If you’re not frightened at the prospect of the social impact of being obese for your child, consider the very real health ramifications of being obese, such as:

  • Significantly increased risk of lifelong obesity
  • Significantly increased risk of heart disease when diabetes occurs before the age of 20
  • Significantly increased risk of fatty liver disease, kidney disease, dislypidemia, polycystic ovarian syndrome, several types of cancer, stroke, diabetes-related amputation, etc.
  • Attention-related disorders
  • Mood swings, depression, tooth decay
  • I could keep going but I feel like the only thing worse than this stuff would be it literally turning your child into a bunch of snakes or pudding or something

Point is, you should be scared of these things. They’re very real – doctors are seeing cardiac patients in their twenties or teens for high blood pressure who have no family history or genetic component.

Make A Change

Fit2Father: One man's journey towards a healthier life and better parenting

I am not 100% advocating a keto lifestyle for your kids. It’s pretty hard and I’d no more recommend a nearly dogmatic approach to your children’s nutrition in keto than I would veganism or something. The main thing is assessing your kids’ diet – is it mostly processed? Is there just an insane amount of sugar? Do your kids have behavioral problems that aren’t quite clinical but are enough that you notice them?

Start by:

  • Do a journal – log your kids’ foods, at least what you can. Obviously older kids will be harder to pay attention to but the best bet would be to make this change while their young. Making notes about mood, activity, personality, etc will help you track changes that food makes in your kid.
  • Introduce healthy food slowly – make swaps. For our kids, we started small with swapping out their peanut butter (a go-to favorite snack) with plain, “natural” types that had literally nothing but peanuts and salt. They took to it just fine. Fruit replaced some candy and while fruit is pretty sugary, it’s 100% better than candy (in most cases).
  • Dilute fruit juices or try to phase them out altogether. Drinking calories is never productive. The same goes with pre-packaged “smoothies” – toss em.
  • Keep treats as treats. When your kids have candy every day, or cookies, or ice cream, it takes away from their special nature.
  • If you want some more tips, sign up for my email list and I’ll send you my “Breaking Kids’ Sugar Habit” download for free. It’s full of tips, tricks, and swaps to get your kids off their sugar addiction (and it might help you, too).

It’s no small feat getting kids off sugar, but every little bit you cut is a step towards better health for you and your family. Make the effort, get help, and change your life for good.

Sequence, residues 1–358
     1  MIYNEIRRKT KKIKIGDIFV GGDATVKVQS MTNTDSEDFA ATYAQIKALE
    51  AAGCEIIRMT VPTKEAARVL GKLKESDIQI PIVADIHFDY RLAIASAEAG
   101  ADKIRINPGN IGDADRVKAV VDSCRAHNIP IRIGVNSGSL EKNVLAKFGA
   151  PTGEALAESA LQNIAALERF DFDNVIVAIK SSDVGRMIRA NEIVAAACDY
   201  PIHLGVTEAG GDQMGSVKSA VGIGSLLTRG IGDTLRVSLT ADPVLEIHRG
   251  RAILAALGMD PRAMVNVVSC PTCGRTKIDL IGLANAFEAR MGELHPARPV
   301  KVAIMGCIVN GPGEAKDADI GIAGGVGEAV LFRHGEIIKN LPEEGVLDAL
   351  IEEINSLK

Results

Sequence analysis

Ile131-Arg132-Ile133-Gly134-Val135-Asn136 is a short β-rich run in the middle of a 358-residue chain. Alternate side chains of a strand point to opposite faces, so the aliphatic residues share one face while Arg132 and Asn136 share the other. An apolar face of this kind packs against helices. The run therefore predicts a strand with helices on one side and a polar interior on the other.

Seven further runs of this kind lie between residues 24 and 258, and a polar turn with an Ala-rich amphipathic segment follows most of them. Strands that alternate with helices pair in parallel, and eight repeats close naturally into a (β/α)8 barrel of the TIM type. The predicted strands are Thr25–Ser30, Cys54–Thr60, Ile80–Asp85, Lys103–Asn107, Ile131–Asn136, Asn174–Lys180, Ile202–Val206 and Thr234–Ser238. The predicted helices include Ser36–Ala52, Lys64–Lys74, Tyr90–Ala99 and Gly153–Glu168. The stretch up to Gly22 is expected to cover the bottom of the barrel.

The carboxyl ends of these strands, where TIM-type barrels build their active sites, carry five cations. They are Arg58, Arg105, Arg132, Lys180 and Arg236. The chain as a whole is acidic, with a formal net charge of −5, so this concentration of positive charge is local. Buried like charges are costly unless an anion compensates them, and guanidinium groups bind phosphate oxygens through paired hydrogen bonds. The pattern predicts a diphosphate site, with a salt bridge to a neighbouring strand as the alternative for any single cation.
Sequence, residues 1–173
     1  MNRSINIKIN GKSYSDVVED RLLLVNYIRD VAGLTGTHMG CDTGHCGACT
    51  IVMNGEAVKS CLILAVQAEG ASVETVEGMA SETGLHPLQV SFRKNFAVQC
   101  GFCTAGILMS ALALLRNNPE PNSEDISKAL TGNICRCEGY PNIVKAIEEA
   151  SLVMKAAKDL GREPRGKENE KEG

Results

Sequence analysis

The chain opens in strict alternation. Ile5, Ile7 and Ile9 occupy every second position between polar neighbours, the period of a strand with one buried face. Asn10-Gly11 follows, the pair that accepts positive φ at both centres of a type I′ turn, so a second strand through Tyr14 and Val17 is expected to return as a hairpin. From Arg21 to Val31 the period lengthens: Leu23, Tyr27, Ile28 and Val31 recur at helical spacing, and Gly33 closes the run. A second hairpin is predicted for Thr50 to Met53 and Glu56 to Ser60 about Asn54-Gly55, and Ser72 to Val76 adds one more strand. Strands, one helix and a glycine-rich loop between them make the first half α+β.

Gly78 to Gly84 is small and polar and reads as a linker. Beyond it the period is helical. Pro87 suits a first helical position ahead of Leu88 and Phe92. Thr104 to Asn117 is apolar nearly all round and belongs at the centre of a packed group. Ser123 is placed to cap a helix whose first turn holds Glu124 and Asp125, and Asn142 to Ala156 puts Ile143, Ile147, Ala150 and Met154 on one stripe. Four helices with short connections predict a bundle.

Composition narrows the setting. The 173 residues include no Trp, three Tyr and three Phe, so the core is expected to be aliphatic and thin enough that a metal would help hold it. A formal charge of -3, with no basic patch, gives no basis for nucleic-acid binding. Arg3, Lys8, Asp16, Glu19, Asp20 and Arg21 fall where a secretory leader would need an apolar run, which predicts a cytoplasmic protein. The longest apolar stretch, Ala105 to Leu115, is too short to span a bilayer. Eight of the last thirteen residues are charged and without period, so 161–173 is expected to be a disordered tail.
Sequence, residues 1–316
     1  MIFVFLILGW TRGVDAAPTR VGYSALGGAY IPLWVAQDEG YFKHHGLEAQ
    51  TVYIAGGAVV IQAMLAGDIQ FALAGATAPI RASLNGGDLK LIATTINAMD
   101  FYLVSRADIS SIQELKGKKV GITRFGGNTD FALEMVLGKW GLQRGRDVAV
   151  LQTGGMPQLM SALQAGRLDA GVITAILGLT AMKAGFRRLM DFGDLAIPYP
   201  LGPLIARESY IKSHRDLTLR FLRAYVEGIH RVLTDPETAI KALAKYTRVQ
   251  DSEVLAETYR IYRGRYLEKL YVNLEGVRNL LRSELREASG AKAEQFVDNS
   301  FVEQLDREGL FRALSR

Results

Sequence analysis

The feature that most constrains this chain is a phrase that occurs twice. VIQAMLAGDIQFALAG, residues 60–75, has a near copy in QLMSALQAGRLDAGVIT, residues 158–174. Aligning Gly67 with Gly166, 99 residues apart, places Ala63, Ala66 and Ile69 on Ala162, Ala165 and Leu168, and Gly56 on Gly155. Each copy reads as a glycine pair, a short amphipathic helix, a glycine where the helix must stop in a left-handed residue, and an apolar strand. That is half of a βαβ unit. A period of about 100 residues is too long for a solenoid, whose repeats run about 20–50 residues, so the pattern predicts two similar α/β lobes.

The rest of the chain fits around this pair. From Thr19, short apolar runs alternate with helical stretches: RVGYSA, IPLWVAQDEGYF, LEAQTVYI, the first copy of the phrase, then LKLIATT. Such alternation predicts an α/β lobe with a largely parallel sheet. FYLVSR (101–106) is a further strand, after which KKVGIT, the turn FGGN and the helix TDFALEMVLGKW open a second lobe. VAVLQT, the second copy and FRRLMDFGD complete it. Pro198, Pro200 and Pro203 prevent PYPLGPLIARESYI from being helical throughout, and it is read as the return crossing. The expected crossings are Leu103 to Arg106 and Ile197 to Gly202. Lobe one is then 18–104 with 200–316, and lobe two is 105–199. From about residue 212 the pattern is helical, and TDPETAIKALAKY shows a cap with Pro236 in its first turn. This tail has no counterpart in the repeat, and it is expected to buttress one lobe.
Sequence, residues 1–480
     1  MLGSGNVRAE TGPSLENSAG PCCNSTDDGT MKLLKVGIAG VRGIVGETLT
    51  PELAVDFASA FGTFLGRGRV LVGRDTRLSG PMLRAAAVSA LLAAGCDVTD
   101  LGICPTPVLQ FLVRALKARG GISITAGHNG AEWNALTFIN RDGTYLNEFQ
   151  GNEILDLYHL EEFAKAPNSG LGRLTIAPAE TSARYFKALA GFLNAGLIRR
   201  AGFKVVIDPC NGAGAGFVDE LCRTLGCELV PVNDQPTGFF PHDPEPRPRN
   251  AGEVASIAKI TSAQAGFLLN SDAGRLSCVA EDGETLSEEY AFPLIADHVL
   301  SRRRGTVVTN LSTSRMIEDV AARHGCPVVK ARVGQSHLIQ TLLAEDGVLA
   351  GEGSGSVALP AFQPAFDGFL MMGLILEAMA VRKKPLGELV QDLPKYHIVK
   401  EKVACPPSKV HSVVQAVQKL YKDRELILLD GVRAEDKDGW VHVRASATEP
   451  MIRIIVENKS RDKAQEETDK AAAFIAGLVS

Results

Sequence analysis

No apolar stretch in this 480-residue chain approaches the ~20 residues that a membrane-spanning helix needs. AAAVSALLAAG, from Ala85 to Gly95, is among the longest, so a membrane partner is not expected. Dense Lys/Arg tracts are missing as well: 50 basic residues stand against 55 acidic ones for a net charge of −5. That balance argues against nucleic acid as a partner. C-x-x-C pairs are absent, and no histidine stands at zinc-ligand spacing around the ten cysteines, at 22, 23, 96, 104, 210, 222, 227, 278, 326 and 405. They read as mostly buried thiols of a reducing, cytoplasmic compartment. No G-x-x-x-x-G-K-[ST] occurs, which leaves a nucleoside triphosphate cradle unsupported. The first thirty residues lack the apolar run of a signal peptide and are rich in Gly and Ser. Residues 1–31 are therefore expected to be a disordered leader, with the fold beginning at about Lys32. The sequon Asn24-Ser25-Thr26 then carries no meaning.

Keto Cinnamon-Vanilla Walnut Butter

Low carb cinnamon-vanilla walnut butter

Almond Butter Is Too Expensive

There, I said it. Everyone THINKS it, but I’m done living in the shadows. No more will we be oppressed by high nut butter prices, especially when it’s insanely easy to make them at home yourself. It takes a little bit of time, but it’s mostly hands-free, with the exception being a few scrapes down the side of your food processor every five minutes or so. That said, I’m also tired of almond butter. I don’t much care for almonds – I’ll eat them, but I’m not overly excited at the prospect – but every paleo or keto blog or recipe I see that extols the virtues of almonds has lead to burnout for me. No more, go away, I’m done.

Enter the walnut!

Walnuts are spectacular for low carb dieting, as well as paleo, or simply for regular people wanting an extremely healthy fat in their diet. Walnuts are full of omega-3s, folate, magnesium, and have a strong link with increasing brain health, particularly in inferential reasoning (in adolescents especially). This is perfect because honestly they look like little brains:

See? This picture is Cartesian, spooky, AND delicious. Brain in a jar!

Plus walnuts are just simply delicious. Give this walnut butter a try when they’re cheap and plentiful during the summer and fall – fresh walnuts are divine, though you can also do this without breaking the bank when walnuts are on sale for holiday baking. The beauty is that crushed or chopped walnuts are usually fairly cheap, as people want whole ones for pretty cookies. We don’t; we don’t care what you look like, walnuts, keto loves you just the way you are.

You can season them any way you want; I chose vanilla and cinnamon because those are the best flavors, but you can choose a lesser set of spices if you want.

Walnut Butter Ingredients

16 oz raw walnuts
1 tbsp cinnamon
1 tsp salt
1 tsp vanilla extract
1 tbsp Pyure sweetener (you can add more to taste, but I don’t recommend more than 1 tbsp at a time)
2 tbsp coconut oil

Start by gathering up your walnuts. Here I chose peak-of-the-season, organic walnuts picked straight from my grandfather’s ancient grove:

Don't need no fancy walnuts
Only the finest plastic bag was used to contain these heirloom walnuts from the store that I bought on sale.

Just kidding; these were chopped walnuts on deep discount from Aldi. Though my grandpa does have walnut trees, so I’ll be pilfering some in the summer. If your walnuts come a little bit bigger and more orderly than these (which were pre-chopped), you can break them down a bit to get them to fit in your food processor a little better, but you don’t really need to.

Before we start to grind them, we’ll give them a quick toasting:

The benefits of two cast iron skillets cannot be stressed enough.

You don’t want them to burn, so keep it at medium-low heat and make sure you’re tossing them around every couple minutes. Also to ensure even toasting, I separated my pound of walnuts into two pans, each with one layer of nuts. Toast for about 8 minutes, then toss them in a bowl and stick them in the fridge for a few minutes, just long enough for you to set up your food processor.